Opportunistic Security for HTTP/2
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From: The IESG <firstname.lastname@example.org> To: IETF-Announce <email@example.com> Cc: firstname.lastname@example.org, The IESG <email@example.com>, firstname.lastname@example.org, email@example.com, firstname.lastname@example.org, email@example.com, firstname.lastname@example.org Subject: Document Action: 'Opportunistic Security for HTTP/2' to Experimental RFC (draft-ietf-httpbis-http2-encryption-11.txt) The IESG has approved the following document: - 'Opportunistic Security for HTTP/2' (draft-ietf-httpbis-http2-encryption-11.txt) as Experimental RFC This document is the product of the Hypertext Transfer Protocol Working Group. The IESG contact persons are Alexey Melnikov, Ben Campbell and Alissa Cooper. A URL of this Internet Draft is: https://datatracker.ietf.org/doc/draft-ietf-httpbis-http2-encryption/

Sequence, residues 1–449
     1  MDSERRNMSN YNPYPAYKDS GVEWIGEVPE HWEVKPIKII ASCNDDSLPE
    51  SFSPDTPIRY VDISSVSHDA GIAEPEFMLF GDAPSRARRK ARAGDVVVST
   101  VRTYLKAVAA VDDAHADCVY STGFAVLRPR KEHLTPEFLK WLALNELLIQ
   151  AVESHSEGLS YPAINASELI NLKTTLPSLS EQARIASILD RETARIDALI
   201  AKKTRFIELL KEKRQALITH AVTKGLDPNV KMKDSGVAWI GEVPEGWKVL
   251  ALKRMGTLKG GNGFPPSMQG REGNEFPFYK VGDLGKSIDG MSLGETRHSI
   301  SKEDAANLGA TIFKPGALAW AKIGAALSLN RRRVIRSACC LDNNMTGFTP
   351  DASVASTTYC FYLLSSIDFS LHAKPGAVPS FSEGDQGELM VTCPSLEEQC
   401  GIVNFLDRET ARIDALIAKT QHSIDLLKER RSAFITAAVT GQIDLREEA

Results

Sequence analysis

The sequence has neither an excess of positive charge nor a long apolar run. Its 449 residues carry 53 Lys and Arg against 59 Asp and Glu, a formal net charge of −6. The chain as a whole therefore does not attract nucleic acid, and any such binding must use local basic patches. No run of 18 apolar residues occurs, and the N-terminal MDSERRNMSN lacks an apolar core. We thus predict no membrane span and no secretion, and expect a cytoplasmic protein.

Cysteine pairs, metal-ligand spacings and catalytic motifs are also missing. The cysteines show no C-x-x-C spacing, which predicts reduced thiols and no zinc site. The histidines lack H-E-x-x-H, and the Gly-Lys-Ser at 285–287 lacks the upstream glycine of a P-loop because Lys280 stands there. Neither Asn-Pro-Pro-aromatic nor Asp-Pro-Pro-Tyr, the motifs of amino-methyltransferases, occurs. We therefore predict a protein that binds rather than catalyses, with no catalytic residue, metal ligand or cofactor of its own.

Technical Summary This document presents an experimental way to use RFC 7838 to achieve opportunistic encryption connections to http:// schemed resources. While this does not offer the true security guarantees of the https:// scheme, it does improve resistance to passive surveillance by requiring some minimal level of active attack to defeat. Working Group Summary The document has been closely reviewed and discussed by a small number of vocal participants, with a larger number of other participants adding occasional feedback. The community is generally divided about the utility of providing a tool which is so easily defeated by an active attacker, but there have been very few who believe this experiment would be detrimental. The primary concern voiced by dissenters has been that widespread deployment might provide a false sense of security, slowing the adoption of "real" HTTPS or confusing users. The restriction in section 4.1 was added to help mitigate this concern. RFC 7838 requires "reasonable assurances" that the alternative was under the control of the same authority as the origin. RFC 7838 defines only one means of having such assurance: possession of a TLS certificate for the origin. After much discussion, this draft maintains that definition and requires the use of fully verified certificates. The other item of particular concern around using RFC7838 with http:// URIs was server support for receiving requests for http:// schemed resources on ports configured to use TLS. While HTTP/1.1 might permit and HTTP/2 mandates the inclusion of the URL scheme with the request, it appears that almost no server implementations treat the included scheme as more authoritative than the port on which it was received. This is noted in section 4.4. As a result, the final version of this document prohibits the use of HTTP/1.1 and uses the .well-known resource as a server's self-certification that it can correctly distinguish such requests. A primary learning from experimentation with this draft will be to what degree this server behavior presents a deployment issue in the real world, and the degree to which servers will incorrectly claim this capability. Document Quality There is a client implementation in Mozilla Firefox, though other browsers have expressed limited interest at this time. No explicit implementation of this draft is required in server software (the necessary resources and headers can be administratively configured). Personnel Mike Bishop is the document shepherd; Alexey Melnikov is the responsible Area Director.